Abba Joseph came to Abba Lot and said to him:
“Father, according to my strength I keep a moderate rule of prayer and fasting,
quiet and meditation, and as far as I control my imagination; what more must I do?”
And the old man rose and held his hands toward the sky so that his fingers became like flames of fire and he said: “If you will, you shall become all flame.”
Nevertheless, to gain this experience, it has to be understood what mind or consciousness is. As emphasized above, we have to understand that “consciousness” (vijnana) is a mental function concerned with perceiving something other than “itself”. This means that the world of experience is apparently divided into subject and object. To be conscious of an object, to “see” something, is to separate the consciousness which “sees” from the apparent object which is “seen.” And this division of subject and object is a function inherent to consciousness itself. Thus, in a sense we might say, this is what makes “consciousness” what it is. Amazingly enough, if you think about it, this means that consciousness could not exist on its own, if no “object” were to exist. Thus subject and object are mutually interdependent.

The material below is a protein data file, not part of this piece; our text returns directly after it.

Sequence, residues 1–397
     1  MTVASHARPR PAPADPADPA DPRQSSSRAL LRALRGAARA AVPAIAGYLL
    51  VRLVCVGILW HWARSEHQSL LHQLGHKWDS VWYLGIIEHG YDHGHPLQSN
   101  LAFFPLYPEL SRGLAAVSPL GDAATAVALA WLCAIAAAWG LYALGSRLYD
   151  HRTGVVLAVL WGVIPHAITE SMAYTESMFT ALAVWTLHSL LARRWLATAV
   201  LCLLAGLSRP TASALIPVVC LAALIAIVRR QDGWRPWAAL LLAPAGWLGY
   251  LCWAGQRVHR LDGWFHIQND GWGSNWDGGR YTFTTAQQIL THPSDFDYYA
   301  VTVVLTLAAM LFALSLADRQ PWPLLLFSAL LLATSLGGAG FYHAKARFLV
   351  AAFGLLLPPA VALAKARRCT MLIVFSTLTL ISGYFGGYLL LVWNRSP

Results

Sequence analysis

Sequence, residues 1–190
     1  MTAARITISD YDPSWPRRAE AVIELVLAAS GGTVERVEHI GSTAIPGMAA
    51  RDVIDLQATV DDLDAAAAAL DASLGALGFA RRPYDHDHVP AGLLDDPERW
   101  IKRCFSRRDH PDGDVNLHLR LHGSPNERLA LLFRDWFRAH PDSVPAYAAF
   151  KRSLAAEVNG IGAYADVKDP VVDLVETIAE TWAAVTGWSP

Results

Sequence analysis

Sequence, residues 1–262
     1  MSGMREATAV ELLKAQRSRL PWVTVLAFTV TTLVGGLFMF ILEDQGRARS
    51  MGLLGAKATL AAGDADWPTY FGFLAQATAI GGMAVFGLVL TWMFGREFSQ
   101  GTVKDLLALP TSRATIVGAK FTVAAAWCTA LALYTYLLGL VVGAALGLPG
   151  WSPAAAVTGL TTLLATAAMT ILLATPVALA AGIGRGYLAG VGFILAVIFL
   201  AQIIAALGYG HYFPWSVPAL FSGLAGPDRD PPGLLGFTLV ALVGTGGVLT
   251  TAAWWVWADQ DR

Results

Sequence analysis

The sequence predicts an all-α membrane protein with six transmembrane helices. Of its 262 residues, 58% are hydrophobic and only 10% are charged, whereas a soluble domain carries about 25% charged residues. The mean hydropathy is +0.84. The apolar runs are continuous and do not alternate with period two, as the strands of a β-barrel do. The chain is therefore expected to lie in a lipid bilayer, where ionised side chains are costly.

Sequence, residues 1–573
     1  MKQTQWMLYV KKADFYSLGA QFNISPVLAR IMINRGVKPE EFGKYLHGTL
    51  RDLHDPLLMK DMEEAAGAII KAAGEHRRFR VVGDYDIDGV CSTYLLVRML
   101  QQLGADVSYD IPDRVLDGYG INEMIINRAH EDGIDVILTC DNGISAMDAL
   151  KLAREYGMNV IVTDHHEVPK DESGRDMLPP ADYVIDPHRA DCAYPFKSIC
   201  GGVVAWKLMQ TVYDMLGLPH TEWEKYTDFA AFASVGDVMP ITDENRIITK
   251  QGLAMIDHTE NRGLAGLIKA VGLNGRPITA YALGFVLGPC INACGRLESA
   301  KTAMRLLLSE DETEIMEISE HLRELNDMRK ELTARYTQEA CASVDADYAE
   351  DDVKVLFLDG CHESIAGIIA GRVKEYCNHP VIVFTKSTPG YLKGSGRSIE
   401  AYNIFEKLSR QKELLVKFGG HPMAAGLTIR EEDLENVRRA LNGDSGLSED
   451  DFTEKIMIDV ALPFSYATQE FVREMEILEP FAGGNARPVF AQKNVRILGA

—A SHORT ESSAY ON DZOGCHEN AND MAHAMUDRA
The true solutions are not those which we force upon life in accordance with our theories, but those which life itself provides for those who dispose themselves to receive the truth. Consequently our task is to dissociate ourselves from all who have theories which promise clear-cut and infallible solutions, and to mistrust all such theories, not in a spirit of negativism and defeat, but rather trusting life itself, and nature, and if you will permit me, God above all.